Managing Kidney Disease and Diabetes
by Lauren Phillips, MS, RD, LDN, Renal Dietitian
How diabetes contributes to kidney disease
High blood sugars can cause blood vessel damage which leads to organ damage. This damage impacts how well your kidneys are able to work.
How do I slow down diabetes contributing to my kidney disease?
Properly managing your diabetes can help slow the progression of your kidney disease. Here are five ways you can take control.
Monitor Blood Glucose levels
Maintain your blood glucose levels between 80 mg/dL and 160 mg/dL or 4.4 mmol/L and 8.9 mmol/L.
Discuss with your physician if they want you to maintain a stricter blood glucose level range.
Hemoglobin A1c (HgbA1c)
Keep your HgbA1c at 7% or less for optimal blood sugar control, unless otherwise determined by your physician – meeting 7% means your blood glucose levels are staying around 160 mg/dL or less (8.9 mmol/L or less).
Your hemoglobin A1c is a number your doctor will check every 3 months to see how your blood glucose levels are averaging over time.
Discuss your diet with your dietitian.
Make sure you are not overeating carbohydrates. With your dietitian, discuss portion sizes of carbohydrates and how frequently to consume these foods to maintain blood glucose levels.
Inquire with your dietitian what counts as a carbohydrate. These are foods like fruit, fruit juice, starchy vegetables, and bread products to name a few – there might be some foods that surprise you! Check out this excellent article exploring some Common Misconceptions of the Renal Diet
Weight loss can help you manage your diabetes and your kidney disease. If you are overweight or obese, talk to your doctor before doing physical activity or starting any new exercise regiment.
Take all diabetic medication as prescribed and check your blood glucose levels as often as the doctor recommends.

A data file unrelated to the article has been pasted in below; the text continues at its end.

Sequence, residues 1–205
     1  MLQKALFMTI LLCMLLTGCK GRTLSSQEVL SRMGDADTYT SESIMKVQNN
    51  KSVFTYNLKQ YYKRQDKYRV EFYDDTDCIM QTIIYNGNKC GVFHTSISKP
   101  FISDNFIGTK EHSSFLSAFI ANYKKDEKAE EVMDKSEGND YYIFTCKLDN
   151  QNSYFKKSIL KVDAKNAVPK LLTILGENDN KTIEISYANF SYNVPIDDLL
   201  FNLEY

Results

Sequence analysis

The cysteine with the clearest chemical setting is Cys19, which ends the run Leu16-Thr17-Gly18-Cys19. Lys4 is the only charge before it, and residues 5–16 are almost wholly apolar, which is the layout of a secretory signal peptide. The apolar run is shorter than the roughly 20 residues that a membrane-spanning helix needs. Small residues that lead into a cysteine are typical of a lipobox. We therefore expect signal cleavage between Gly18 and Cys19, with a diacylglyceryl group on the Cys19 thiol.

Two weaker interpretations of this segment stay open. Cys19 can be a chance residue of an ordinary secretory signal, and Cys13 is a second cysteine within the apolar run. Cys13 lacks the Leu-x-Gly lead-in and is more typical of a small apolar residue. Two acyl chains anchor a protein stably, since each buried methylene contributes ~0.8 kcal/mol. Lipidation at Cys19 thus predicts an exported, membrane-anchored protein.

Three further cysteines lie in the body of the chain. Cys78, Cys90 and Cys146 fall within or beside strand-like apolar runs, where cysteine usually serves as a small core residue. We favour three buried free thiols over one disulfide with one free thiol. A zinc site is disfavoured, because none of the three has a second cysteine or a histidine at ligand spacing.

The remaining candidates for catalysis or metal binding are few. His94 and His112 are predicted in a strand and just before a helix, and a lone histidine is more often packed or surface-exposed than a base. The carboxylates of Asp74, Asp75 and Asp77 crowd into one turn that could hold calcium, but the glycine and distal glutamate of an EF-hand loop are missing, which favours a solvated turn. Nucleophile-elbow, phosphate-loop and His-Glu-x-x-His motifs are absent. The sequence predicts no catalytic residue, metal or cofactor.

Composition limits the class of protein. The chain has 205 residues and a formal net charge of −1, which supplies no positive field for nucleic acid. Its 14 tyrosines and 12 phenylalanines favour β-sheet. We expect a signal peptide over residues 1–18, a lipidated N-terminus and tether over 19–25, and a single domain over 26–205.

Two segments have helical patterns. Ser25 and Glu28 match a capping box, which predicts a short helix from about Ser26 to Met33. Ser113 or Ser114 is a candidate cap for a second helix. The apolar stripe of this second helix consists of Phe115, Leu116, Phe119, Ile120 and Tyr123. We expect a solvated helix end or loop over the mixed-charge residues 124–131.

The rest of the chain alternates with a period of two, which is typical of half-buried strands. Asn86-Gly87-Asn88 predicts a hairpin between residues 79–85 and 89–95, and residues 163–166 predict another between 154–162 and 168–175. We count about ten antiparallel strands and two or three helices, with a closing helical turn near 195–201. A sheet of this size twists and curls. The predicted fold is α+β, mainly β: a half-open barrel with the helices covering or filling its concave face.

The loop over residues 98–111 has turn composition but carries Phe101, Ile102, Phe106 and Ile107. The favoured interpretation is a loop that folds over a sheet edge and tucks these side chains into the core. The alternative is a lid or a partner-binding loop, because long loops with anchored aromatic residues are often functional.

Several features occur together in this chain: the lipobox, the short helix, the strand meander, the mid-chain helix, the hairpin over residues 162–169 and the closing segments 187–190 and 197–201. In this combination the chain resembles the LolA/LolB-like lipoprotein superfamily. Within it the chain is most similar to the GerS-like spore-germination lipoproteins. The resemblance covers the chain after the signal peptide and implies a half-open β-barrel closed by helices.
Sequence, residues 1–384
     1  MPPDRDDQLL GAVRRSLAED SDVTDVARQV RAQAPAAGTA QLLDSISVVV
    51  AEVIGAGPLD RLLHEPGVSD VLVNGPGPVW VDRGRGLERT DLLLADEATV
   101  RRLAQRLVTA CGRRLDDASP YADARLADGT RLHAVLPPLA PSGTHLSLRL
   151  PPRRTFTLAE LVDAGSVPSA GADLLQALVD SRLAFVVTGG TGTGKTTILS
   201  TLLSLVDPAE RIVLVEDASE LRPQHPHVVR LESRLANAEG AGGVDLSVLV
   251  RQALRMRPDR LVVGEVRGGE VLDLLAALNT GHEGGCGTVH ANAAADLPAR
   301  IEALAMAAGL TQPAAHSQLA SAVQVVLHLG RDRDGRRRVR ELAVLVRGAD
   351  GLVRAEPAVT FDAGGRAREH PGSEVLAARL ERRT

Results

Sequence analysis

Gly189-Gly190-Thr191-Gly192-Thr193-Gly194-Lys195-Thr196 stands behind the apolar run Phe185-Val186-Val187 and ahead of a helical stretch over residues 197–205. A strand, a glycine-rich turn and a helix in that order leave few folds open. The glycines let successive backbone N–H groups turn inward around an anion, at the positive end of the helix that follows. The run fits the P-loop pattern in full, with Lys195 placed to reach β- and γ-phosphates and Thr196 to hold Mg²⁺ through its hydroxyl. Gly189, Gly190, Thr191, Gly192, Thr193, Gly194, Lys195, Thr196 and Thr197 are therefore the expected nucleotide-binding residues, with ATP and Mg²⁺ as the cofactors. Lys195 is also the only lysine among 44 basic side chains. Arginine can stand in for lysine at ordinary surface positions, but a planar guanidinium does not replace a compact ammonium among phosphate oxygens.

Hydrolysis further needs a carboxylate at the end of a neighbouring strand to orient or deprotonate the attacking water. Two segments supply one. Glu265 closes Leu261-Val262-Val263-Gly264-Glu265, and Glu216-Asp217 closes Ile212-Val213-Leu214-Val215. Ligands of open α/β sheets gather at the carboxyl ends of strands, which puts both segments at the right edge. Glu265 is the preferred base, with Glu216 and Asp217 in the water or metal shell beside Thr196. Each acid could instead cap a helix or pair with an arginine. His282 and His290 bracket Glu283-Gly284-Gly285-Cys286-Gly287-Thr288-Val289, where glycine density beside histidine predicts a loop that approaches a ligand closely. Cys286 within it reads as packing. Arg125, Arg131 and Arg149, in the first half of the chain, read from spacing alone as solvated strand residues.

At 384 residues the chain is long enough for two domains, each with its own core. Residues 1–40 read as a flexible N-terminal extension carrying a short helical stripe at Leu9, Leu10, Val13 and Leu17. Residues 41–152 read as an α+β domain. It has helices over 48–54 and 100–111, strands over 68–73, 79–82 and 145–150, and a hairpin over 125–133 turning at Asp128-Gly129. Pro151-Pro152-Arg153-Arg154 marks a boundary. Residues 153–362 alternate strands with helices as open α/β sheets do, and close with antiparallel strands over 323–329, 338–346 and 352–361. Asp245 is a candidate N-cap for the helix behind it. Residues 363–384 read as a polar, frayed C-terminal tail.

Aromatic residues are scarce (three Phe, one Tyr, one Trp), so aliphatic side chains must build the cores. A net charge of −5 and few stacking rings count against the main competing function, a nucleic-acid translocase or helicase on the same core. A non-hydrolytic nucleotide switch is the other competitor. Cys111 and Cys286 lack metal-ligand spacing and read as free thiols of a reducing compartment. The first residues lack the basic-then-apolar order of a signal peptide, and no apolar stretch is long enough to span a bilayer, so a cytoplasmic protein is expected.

Taking medications properly and checking blood glucose levels as advised can help the doctor decide if a medication is working for you.
Medication for Blood Pressure Control
Take your blood pressure medications as prescribed by your doctor. Keeping your blood pressure under control can help prevent further damage to your blood vessels and kidneys.
By keeping on top of your blood glucose levels, maintaining the proper diet, exercising, and taking your medications you can successfully control your diabetes and slow the effects of it on your kidney disease.
The content of this article is for informational purposes only. It is not intended to be a substitute for professional medical advice, diagnosis, or treatment. KidneyChef urges you to seek the advice of your physician or other qualified health provider with any questions you may have regarding any medical condition. KidneyChef advises you to never disregard professional medical advice or delay in seeking it because of something you have read on the Website.If you think you may have a medical emergency, call your doctor or local emergency service immediately. KidneyChef does not recommend or endorse any specific tests, physicians, products, procedures, opinions, or other information that may be mentioned on the website. KidneyChef does not guarantee the accuracy of information on the Website and reliance on any information provided by KidneyChef is solely at your own risk.
KDOQI Clinical Practice Guideline for Diabetes and CKD: 2012 Update
Pocket Guide to Nutrition Assessment of the Patient with Kidney Disease – A Concise, Practical Resource for Comprehensive Nutrition Care in Kidney Disease 5th Edition, Linda McCann, RDN, CSR, Editor